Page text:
Reshma Saujani, of Girls Who Code, doesn’t have the background you’d expect for the person leading an organization whose mission is to inspire, educate and equip young women with computing skills to pursue 21st-century opportunities.
She’s not a coder or computer science graduate, and she grew up terrified of math and science. Saujani is, however, a daughter of refugees, an attorney and a politician. It’s those aspects of her background that led her into classrooms filled with young boys clambering to be the next Steve Jobs. But what was blaringly obvious with each class she visited, was the absence of young women.
But why? Why aren’t girls expressing that same level of interest in computers? “It’s because the messages being embedded in our culture subconsciously allow young girls to believe the myth that they are not good enough for science,” Saujani told the audience during her Analytics Experience 2017 keynote. And she provided several examples:
- The first computer-as-a-toy was marketed to boys.
- Programmers are stereotyped as white males, working from a basement, wearing a hoodie and drinking Red Bull.
- Clothing for girls with quotes that say “I hate math, let’s shop instead,” or “I’m allergic to algebra.”
- Our culture tells girls to be pretty, to strive for perfection and to smile, while telling boys to be brave, take risks and climb to the top of the monkey bars and jump.
“The reality is that it’s impossible to change the way women view technology if we don’t change the way we as a society talk about women in technology,” said Saujani. “For the girl who imagines the stereotype of a programmer as a white male, computer science seems irrelevant to her life and her aspirations, and rightfully so.
“You cannot be what you cannot see,” said Saujani. And that alone was the motivation she needed to quit her job as an attorney and begin Girls Who Code.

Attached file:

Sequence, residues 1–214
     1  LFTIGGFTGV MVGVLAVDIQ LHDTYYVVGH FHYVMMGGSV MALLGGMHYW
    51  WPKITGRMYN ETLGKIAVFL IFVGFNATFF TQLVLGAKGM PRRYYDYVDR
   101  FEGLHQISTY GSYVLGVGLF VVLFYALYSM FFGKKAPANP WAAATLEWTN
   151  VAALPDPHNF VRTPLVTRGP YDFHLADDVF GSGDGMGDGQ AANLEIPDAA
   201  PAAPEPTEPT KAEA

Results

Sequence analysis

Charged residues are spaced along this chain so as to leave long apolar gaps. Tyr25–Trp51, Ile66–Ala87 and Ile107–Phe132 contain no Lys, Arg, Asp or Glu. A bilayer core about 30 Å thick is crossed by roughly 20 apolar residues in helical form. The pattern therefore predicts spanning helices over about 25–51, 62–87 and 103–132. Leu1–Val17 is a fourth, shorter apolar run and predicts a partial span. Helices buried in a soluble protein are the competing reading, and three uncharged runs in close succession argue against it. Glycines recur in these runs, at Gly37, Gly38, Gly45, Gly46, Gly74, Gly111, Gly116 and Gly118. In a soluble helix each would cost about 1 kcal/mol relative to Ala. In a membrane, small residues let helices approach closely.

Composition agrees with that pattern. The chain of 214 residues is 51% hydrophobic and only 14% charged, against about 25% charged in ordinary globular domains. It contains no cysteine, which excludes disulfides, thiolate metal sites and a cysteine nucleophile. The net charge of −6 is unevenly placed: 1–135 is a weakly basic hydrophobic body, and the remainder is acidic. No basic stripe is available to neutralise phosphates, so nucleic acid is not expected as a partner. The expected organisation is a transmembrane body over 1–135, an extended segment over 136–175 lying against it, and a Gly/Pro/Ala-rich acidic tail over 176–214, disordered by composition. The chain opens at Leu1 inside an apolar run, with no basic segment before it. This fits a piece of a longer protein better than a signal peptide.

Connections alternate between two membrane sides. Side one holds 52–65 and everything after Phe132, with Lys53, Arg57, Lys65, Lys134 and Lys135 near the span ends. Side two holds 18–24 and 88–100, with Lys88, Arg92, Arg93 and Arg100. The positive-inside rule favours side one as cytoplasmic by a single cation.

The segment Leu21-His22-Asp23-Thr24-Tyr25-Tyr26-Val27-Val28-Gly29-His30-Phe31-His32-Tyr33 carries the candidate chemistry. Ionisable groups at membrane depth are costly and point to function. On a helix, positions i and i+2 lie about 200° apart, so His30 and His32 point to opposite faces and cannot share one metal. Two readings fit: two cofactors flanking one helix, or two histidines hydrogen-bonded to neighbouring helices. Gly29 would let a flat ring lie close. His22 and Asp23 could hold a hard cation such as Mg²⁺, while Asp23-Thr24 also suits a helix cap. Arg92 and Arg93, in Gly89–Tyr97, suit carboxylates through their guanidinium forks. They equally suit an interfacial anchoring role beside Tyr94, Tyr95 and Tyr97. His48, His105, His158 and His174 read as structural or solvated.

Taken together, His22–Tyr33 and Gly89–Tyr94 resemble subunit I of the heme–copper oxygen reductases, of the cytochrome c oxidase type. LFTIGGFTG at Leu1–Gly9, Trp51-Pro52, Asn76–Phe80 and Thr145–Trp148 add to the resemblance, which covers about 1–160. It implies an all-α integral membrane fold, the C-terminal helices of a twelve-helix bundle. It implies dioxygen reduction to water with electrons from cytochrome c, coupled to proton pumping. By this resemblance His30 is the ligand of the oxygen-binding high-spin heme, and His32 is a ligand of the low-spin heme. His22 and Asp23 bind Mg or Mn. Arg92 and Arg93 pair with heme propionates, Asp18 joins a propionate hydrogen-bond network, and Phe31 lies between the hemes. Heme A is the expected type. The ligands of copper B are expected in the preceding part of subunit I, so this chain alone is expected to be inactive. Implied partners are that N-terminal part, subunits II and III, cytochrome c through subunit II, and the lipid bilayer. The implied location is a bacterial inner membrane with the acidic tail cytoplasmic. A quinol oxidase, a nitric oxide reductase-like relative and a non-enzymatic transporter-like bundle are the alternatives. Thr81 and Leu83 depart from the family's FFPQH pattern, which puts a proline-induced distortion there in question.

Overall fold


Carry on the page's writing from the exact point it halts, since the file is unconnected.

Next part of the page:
Turning 20 girls into 40,000
Girls Who Code started with 20 handpicked young women, whom Saujani won over with free pizza, and in just five years the organization has grown to 40,000 young women who’ve learned computer programming.
And while 40,000 in five years is powerful, it’s not the stopping point. Girls Who Code is on its way to closing the gender gap in technology with 100,000 young women equipped with the skills needed in computer science.
The exposure Girls Who Code offers, helps shift the mindset of what’s possible for women in the workplace.
“When we teach girls to code, we will teach a generation to be change makers,” said Saujani. That change is a necessity for industries, such as finance, retail and transportation, that are desperately seeking technology-thinking employees.
“Equipping women with computer science knowledge could be the solution to our problem, but we have to help women believe from the earliest stages of life that it’s possible,” said Saujani. “That means encouraging young girls to be as curious as they are polite, and as messy as they are pretty. We have to help our girls see that coding is as simple as telling a computer what to do.”
For a woman whose mission in life was to give back to a country that had given so much to her refugee parents, Saujani can certainly check that goal off her list. But now, what she wants – and what she encouraged attendees at Analytics Experience to do – is to see others get involved with Girls Who Code.
With less than 1,500 computer science teachers in the United States, Girls Who Code is a chance for programmers to volunteer, teach or start a club of their own. And if that doesn’t pique your interest, you can teach girls to code by buying one of the Girls Who Code books. Purchase the book and give it to a young girl you know.
All book proceeds go directly back into the Girls Who Code organization.
“If we don’t teach our girls, there will be so many innovations that sit in silence,” said Saujani. “Don’t ever let someone tell you a problem cannot be solved, because this one actually can.”
See videos from Analytics Experience, including Saujani's full presentation, along with talks from basketball star Magic Johnson and former US CTO Megan Smith.